“People actually send spies to the rehearsal rooms.”
Christmas 1978 was one of those pivotal moments in television history, where a number of separate events and developments coincided to mark a sea-change in tradition and convention.
First of all, and most importantly, there was no Morecambe and Wise on BBC1. In early 1978 Thames Television had approached the pair with a deal promising far more money than they were currently earning, plus the usual offer of no-expense spared glamorous sets and guests. Thames had been eyeing up the duo for a while, conscious that although they had a hugely influential solo artist on their books – Benny Hill, who’d ironically jumped ship from the Beeb just as Morecambe and Wise headed in the opposite direction – they had no double act of similar standing. So they engineered what was seen as a major coup, and signed Eric’n’Ern much to the fury of the BBC.
But immediately there were problems. Eddie Braben, chief scriptwriter on all the duo’s BBC Christmas specials, was still signed with the Corporation until 1980. So jobbing wordsmiths Barry Cryer and John Junkin had to be bussed in to pen both the pair’s first appearance on ITV, a 60 minute special on 18 October 1978, and their next outing, on Christmas Day itself. However the quality of their material was generally dreadful, and no amount of high-profile celebrity guests could hide the fact these were below par efforts from Morecambe and Wise.
It meant that TV Times could crow “Christmas wouldn’t be quite the same without Eric and Ernie,” unaware that their 75 minute festive special was quite the worst thing the duo had done for television in decades. ITV had embarked on a shameless whispering campaign ahead of Christmas, hinting that both a former Prime Minister and a member of the royal family were to appear with the pair. In reality, although Harold Wilson showed up, he was joined by just Jan Hunt, Leonard Rossiter and Frank Finlay. Sadly, this was only the start of Morecambe and Wise’s decline; Christmas 1979 would see an even further fall from grace.
The second big blow to the Beeb’s Christmas schedules was the absence of Bruce Forsyth. Not for the first time, and definitely not for the last either, Bruce had decided to defect to the opposition – in this case shortly after what turned out to be his final Generation Game, on Christmas Day last year. He was coaxed over to LWT by the promise – again – of big money, but it wasn’t until October that he made his debut on ITV with a new show, Bruce Forsyth’s Big Night.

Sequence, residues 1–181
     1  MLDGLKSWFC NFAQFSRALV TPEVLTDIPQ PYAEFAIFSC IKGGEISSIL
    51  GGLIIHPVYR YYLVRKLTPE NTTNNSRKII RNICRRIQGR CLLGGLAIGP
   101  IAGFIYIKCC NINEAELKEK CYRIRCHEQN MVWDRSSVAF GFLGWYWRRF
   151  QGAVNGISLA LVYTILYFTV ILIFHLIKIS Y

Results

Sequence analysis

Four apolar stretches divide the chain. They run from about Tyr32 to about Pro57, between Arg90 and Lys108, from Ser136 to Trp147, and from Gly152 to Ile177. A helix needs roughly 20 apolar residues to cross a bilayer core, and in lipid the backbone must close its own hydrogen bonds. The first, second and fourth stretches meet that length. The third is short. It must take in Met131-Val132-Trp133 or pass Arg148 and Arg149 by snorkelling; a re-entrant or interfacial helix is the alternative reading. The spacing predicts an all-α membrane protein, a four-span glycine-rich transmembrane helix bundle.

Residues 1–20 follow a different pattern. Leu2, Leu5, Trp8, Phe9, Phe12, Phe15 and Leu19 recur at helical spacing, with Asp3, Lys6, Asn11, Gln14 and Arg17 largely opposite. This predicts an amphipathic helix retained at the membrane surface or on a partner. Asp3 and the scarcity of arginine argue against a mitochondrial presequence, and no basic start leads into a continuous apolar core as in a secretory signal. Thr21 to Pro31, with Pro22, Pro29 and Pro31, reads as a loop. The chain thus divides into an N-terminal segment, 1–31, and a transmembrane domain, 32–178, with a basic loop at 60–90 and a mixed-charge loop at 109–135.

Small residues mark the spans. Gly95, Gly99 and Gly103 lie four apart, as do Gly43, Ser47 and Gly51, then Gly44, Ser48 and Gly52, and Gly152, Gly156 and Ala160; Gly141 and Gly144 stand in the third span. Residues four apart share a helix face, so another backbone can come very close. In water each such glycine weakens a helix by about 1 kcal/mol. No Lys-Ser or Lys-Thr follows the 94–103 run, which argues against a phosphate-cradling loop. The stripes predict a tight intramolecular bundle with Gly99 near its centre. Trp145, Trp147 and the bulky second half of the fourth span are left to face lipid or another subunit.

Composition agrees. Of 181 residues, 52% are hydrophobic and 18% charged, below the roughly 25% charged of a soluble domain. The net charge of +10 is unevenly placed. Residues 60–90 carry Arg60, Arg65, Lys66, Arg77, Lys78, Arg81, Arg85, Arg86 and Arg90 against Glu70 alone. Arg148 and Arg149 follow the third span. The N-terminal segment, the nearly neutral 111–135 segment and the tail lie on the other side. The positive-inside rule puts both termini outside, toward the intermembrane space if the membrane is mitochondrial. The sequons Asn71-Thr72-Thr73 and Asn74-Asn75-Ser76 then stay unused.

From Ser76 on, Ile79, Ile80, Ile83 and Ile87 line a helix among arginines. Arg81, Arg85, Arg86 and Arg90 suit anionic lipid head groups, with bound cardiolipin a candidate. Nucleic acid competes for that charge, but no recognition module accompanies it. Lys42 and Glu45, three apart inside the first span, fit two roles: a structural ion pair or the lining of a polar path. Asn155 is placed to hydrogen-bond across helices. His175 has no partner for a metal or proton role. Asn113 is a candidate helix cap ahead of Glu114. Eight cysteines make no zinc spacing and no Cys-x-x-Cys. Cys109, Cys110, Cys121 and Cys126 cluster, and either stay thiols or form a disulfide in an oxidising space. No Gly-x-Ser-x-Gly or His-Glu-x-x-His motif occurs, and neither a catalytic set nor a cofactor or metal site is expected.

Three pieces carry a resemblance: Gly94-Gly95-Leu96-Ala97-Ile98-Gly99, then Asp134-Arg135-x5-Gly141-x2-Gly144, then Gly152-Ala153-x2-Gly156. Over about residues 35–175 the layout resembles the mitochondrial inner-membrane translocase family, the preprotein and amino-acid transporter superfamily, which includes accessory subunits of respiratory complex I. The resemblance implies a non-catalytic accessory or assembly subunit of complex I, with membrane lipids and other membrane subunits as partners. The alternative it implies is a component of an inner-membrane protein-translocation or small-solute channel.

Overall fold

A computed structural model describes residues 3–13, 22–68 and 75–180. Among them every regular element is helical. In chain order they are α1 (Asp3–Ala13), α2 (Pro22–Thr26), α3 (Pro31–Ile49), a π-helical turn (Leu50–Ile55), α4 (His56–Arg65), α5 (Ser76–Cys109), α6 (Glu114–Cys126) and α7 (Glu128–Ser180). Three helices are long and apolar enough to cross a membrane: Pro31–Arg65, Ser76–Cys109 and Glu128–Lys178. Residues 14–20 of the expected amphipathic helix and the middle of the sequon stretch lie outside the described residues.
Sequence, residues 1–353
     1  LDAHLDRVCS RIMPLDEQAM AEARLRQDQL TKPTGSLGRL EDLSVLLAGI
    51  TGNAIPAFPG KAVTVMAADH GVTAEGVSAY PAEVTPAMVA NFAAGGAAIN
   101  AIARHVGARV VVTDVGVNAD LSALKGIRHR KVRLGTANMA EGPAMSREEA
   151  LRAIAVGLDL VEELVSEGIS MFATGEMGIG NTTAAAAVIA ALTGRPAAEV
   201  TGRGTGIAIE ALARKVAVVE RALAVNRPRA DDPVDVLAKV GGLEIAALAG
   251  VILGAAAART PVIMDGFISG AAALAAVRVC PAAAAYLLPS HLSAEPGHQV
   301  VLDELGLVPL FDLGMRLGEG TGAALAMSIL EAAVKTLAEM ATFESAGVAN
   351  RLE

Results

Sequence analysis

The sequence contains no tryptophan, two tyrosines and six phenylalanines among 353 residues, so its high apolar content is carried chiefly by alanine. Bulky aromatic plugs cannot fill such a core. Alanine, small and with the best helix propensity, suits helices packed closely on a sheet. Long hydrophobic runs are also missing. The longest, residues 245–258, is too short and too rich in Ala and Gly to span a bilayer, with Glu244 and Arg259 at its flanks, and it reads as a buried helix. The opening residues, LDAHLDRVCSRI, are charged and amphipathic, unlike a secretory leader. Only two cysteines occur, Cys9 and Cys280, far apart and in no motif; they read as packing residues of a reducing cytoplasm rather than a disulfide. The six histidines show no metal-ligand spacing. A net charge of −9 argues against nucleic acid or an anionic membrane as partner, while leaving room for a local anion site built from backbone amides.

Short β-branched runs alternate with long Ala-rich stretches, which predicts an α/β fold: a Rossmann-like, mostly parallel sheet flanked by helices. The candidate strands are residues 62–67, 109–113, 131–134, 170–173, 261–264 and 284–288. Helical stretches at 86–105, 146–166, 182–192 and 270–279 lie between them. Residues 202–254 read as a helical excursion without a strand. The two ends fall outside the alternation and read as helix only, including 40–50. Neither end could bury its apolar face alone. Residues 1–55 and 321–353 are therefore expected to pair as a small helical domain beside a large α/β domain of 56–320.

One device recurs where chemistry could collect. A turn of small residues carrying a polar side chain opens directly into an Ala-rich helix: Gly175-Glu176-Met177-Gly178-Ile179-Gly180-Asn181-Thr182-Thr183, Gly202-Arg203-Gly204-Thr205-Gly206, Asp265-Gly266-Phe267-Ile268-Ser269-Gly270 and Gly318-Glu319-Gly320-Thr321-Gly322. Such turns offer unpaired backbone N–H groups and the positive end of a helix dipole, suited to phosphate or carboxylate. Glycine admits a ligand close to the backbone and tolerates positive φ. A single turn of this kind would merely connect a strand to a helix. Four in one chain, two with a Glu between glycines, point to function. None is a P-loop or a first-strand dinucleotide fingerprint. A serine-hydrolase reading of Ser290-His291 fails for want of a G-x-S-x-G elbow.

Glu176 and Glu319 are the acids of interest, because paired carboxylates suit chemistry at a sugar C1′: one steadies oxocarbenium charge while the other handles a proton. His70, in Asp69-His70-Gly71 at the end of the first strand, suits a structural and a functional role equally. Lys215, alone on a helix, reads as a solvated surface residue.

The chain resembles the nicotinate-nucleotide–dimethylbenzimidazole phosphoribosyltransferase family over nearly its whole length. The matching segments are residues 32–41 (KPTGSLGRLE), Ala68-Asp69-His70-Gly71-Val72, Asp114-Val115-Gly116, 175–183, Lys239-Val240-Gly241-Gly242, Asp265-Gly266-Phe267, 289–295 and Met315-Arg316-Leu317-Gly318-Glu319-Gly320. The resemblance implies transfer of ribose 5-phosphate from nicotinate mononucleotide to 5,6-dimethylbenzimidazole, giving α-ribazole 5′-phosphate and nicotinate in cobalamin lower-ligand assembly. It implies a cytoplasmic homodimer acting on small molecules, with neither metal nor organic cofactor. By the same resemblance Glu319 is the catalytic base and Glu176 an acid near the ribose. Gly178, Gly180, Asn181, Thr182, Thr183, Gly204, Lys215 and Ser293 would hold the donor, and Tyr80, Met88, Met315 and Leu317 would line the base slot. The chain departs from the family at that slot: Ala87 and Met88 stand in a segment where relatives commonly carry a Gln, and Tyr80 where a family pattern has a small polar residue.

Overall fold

This was a Saturday evening review package with the host introducing music, competitions and pre-recorded items. These included a revival of Frank Muir and Denis Norden’s BBC radio comedy The Glums, now re-adapted for telly in 10 minute chunks starring Jimmy Edwards and Ian Lavender; and also the screen debut of a pair of comics who would go on to dominate ITV’s Christmas schedules throughout the ’80s: Cannon and Ball. Yes, these former welders from Oldham got their big break thanks to Brucie, contracted to contribute 15-minute sketches toBig Night through to the series’ close on Christmas Eve (although none of them were ultimately shown). However, thanks in part to Christmas Day not falling on a weekend in 1978, neither they nor Bruce won an appearance on 25 December: LWT losing out to Thames once more in the ITV scheduling games.
No Morecambe and Wise, no Bruce – and the Beeb had even lost Billy Smart’s Circus to their rivals, meaning for the first time in a generation there were no dancing elephants or human cannonballs to follow the Queen’s speech on BBC1. Maybe ITV now had the armoury to put together a strong Christmas schedule for the first time – but the Beeb, rather than wilting, fought back with a powerful, impressive alternative line-up – which went on to trounce the opposition in the ratings.
ITV’s 1978 primetime Christmas menu began wimpishly with the film Battle for the Planet of the Apes after the message from Her Majesty. This was the fifth in the Apes sequence and a pathetic prelude to what was to come: Billy Smart’s Circus at 4.55pm, then another superbChristmas Muppet Show at 6.15pm with special guest Danny Kaye. This was followed by, for the first time ever, a Bond film on Christmas Day: the fantastic Diamonds are Forever. ITV had at least realised the need to have a strong, popular movie at this hour rather than a sprawling western or war effort. 007 dovetailed into the traitors Morecambe and Wise at 9pm, then came another This Is Your Life special at 10.15pm. One sorry absence from the schedules this year was Sir Geraint Evans, as ITV had axed his annual Celebration in favour of a weird TV movie titled Ghost Story starring Larry Dann and Marianne Faithful. A short one-act play in theMeditation slot led up to closedown at 12.45am.